I literally never thought I would be writing a “home-improvement post”. I am not Tim Allen. I’m more like the first little pig, who built her house out of straw. I’ve never used power tools, I am the queen of cutting corners, and hate slivers with a burning passion. That makes me the world’s worst candidate for “reno” projects.
There’s something about a deployment that makes you feel like you’re Miss Independent thought, and are basically obligated to take on projects that are normally (way) outside your repertoire. Exhibit A. Painting my kitchen cabinets. That was a 4.5 week project responsible for expanding my vocabulary’s list of 4 letter words.
This project, however, is completely different. This project was so simple, even a blonde influencer could do it. And if this blonde influencer can do it, you can too!
Decide on the height and width of your wainscoting. My vertical boards were 4’9″ and I spaced them out at 13.5″ between each board. It will take some measuring and playing around with numbers (you should be good at that considering you’ve been helping your kids with their math homework for the last 3 weeks.) Keep in mind any outlets and where they will fit into the spacing.
Tape off anything you don’t want stained with (insert color of your choosing) paint. And paint your wall! This color is Sherwin Williams SW 6733 Grasshopper and it turned out so gorgeous … if I do say so myself! I recommend painting the wall first because it eliminates the hassle of painting the nooks and crannies of the wainscoting after the boards are up! It only took 2 coats of paint for me!
Wheel your little red wagons to the lumber yard like you’re helping The Little Rascals rebuild their clubhouse, and buy yourself some wood! My baseboards are 1/2″ thick so I used some MDF molding that’s 1/2″ x 3.5″. The gentlemen at the lumber store were super patient with me and my limited knowledge of lumber and construction terms of any kind. I hope my readers are equally as patient!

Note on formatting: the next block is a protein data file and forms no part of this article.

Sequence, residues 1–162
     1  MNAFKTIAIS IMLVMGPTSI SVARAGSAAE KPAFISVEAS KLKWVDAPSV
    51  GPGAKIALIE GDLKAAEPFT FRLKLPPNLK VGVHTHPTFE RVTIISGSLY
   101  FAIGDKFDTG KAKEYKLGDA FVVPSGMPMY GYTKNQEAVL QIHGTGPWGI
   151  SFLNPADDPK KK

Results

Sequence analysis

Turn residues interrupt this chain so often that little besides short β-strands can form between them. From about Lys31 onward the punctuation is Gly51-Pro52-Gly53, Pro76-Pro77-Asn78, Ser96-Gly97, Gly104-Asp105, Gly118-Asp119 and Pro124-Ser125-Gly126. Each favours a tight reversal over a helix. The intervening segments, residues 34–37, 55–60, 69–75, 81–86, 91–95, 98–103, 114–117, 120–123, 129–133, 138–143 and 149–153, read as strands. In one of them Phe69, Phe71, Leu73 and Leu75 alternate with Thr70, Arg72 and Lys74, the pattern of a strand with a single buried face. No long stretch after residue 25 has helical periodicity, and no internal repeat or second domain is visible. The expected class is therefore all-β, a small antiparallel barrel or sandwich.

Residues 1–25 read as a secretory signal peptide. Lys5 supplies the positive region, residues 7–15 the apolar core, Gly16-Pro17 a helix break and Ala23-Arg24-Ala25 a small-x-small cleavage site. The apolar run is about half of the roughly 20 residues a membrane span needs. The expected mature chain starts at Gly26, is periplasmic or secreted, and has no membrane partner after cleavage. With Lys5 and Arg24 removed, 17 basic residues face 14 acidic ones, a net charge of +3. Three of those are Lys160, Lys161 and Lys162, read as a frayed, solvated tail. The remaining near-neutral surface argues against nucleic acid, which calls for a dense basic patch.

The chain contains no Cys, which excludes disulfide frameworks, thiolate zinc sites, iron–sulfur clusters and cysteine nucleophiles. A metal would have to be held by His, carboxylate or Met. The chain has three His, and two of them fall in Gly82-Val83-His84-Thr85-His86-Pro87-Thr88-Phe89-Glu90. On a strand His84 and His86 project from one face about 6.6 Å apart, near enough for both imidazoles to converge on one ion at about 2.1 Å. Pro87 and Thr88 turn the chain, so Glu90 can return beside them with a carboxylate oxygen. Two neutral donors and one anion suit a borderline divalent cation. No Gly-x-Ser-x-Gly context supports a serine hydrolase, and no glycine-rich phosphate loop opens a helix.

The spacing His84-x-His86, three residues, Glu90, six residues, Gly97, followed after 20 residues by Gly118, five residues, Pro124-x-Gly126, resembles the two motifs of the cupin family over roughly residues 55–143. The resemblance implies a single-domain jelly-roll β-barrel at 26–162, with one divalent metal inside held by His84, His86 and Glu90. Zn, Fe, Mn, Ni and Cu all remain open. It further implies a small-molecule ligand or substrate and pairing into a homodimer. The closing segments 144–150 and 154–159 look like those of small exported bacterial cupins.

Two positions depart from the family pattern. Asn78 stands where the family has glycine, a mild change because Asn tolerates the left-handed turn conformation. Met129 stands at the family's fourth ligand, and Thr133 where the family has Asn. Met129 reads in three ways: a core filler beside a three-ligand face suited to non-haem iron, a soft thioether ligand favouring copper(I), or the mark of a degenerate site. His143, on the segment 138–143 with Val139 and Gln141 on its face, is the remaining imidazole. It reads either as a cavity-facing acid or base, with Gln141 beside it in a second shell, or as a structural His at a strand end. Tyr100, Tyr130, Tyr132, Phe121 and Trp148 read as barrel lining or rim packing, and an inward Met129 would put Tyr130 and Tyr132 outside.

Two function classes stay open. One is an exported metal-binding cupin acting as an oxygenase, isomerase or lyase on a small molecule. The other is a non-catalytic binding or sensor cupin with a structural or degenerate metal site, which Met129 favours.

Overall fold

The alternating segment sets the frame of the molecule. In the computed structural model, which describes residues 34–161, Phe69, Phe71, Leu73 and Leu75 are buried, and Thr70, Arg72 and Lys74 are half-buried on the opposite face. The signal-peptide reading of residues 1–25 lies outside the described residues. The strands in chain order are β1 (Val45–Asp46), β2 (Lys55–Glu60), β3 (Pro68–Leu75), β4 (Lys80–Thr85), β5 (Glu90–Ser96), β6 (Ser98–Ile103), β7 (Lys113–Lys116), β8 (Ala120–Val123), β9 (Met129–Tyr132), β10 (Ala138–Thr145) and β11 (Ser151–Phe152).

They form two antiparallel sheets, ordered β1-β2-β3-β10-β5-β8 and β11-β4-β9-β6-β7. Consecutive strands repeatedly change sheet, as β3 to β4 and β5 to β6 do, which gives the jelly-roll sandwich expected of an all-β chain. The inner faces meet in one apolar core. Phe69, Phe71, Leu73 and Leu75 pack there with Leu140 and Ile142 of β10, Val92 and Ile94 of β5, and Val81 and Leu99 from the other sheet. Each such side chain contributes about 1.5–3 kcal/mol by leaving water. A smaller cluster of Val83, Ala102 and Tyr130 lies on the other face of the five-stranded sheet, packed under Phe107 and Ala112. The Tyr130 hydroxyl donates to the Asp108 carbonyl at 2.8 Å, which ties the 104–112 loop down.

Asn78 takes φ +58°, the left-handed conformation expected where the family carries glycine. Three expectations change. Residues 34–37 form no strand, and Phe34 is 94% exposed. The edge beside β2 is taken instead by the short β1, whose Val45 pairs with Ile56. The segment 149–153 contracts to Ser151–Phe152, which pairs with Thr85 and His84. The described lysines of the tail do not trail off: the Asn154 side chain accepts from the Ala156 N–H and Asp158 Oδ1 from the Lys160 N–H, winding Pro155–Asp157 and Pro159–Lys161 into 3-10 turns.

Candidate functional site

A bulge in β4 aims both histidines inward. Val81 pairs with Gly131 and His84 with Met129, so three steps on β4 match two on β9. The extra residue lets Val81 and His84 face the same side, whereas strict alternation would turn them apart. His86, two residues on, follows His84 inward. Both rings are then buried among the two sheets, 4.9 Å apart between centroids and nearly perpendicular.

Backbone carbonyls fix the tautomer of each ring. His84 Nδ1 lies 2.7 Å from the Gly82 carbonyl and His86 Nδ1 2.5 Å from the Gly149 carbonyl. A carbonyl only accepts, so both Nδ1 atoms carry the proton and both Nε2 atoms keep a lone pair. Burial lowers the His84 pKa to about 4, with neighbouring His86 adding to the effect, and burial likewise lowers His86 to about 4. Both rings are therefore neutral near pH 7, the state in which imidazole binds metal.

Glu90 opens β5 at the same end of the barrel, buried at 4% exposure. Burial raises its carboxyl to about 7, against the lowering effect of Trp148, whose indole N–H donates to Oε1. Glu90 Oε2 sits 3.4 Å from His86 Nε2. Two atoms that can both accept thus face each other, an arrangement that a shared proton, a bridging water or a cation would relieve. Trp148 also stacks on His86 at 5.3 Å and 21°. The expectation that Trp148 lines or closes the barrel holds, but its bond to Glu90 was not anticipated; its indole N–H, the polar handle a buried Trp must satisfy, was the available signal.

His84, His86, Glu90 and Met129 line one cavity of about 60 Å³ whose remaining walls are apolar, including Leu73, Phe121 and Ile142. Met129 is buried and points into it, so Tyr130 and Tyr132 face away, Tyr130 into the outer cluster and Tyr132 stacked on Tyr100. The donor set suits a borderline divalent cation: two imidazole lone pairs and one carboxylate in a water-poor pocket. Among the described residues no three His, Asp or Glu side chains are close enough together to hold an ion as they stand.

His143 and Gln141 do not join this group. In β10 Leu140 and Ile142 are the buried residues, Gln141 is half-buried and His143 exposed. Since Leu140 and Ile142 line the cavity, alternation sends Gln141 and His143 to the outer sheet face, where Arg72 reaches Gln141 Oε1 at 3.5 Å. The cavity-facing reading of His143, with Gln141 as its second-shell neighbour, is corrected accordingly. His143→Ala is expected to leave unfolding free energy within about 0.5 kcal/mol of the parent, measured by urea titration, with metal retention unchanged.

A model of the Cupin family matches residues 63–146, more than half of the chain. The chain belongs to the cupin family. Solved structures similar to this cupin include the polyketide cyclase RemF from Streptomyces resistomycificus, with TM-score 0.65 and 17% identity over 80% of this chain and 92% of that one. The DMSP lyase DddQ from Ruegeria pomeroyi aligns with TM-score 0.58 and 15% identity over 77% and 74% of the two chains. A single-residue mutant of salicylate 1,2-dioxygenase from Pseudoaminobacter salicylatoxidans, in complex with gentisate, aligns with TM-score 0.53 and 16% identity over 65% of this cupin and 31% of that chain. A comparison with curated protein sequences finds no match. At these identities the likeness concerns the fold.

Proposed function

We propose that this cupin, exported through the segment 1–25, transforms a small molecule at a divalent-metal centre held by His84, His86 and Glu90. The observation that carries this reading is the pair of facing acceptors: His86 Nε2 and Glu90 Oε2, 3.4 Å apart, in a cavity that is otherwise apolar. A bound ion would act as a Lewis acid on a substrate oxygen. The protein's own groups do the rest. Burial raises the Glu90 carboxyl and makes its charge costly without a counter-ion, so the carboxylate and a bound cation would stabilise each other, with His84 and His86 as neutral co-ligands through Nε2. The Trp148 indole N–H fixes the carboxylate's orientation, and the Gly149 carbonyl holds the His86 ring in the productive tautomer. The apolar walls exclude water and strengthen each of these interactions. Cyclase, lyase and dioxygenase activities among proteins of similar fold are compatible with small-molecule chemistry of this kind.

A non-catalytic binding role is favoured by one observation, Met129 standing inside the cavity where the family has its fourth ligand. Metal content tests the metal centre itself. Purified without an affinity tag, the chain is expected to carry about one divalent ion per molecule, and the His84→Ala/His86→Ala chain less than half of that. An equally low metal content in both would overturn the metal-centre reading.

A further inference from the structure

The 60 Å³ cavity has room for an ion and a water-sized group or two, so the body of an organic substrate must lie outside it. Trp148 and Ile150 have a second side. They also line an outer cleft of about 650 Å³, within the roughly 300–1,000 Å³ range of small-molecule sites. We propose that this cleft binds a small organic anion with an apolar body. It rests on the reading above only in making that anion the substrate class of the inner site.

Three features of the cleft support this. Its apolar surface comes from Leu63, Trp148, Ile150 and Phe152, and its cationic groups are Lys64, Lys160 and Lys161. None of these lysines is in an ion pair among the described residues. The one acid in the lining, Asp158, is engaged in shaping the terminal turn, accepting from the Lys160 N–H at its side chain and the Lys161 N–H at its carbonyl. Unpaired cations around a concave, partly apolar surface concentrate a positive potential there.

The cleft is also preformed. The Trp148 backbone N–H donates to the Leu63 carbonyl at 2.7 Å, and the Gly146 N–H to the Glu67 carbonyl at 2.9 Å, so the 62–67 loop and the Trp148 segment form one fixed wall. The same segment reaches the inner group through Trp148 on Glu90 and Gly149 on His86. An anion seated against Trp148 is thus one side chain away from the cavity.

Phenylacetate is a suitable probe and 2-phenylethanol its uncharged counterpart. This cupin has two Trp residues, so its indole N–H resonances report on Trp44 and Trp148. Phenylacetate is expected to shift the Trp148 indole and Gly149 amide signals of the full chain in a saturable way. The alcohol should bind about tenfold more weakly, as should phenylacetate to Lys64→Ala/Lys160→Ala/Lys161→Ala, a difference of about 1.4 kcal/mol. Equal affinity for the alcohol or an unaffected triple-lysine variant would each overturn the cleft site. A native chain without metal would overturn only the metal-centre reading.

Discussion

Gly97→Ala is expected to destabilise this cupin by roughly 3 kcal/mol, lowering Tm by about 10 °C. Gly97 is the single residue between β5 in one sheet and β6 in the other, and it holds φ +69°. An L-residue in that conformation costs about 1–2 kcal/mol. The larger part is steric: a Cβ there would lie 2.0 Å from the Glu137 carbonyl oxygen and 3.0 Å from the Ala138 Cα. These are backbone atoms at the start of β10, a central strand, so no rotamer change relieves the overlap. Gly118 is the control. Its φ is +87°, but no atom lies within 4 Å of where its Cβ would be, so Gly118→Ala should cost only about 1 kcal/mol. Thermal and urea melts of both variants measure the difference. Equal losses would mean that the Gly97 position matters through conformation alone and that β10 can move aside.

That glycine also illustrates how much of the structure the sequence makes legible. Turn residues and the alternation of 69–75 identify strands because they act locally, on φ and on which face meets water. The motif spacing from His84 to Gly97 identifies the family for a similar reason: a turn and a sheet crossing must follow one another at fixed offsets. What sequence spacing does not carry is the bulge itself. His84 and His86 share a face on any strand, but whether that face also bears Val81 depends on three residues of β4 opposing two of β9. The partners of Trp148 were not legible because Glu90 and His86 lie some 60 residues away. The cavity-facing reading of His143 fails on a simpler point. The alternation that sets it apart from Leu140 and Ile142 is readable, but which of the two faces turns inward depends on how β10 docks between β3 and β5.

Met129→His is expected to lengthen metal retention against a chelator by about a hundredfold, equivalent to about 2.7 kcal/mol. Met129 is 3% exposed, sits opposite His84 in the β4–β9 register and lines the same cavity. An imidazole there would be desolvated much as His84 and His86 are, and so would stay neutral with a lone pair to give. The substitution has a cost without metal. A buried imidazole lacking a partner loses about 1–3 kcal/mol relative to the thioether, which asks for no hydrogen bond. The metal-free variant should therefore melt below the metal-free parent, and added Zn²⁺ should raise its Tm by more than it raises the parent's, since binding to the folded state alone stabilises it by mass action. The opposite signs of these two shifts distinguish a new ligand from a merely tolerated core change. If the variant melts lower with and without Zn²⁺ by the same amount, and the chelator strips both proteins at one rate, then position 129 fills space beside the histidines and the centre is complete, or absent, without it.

I nailed the vertical boards first and I started on the outsides and worked my way in. The very outside boards will be easiest because you can line them up with the adjacent wall, but the other boards will need to be leveled. I put a nail in the top and then line it up with a level and wiggle it a little left or right until it’s perfect and then nail about every 5 inches the rest of the way down. Once all the vertical boards are up, place the horizontal topper board and nail that sucker into place!
Use this lightweight spackle and a putty knife to fill in all those nail holes! It’s so therapeutic! This lightweight stuff is like cotton candy. Next you’ll caulk all the seams! board to board, and board to wall! Enjoy this messy process. Your finger will be your best friend in smoothing out the caulk. That sounds terribly dirty. And it is … But more in a messy way. Once that is all dry, you will sand and sand and sand until everything is smooth. I made a mess with the caulk until I finally got the hang of it … on the last board. It’s a lot easier to clean up once you’ve figured out a system for laying it and smoothing it.
Vacuum, wipe down, re-tape and paint the boards! It’s so exciting! You’re almost done! The paint I used dried so fast, I was able to slap on 2 coats in 4 hours. Once it dries, rip off all that blue painters tape and enjoy the beauty!
Start to finish, the whole project took me 2 days. But I really only worked on it while my kiddos were napping or sleeping. You could easily knock this out in a day as long as you have time for paint to dry! Especially if you have more than 2 hands.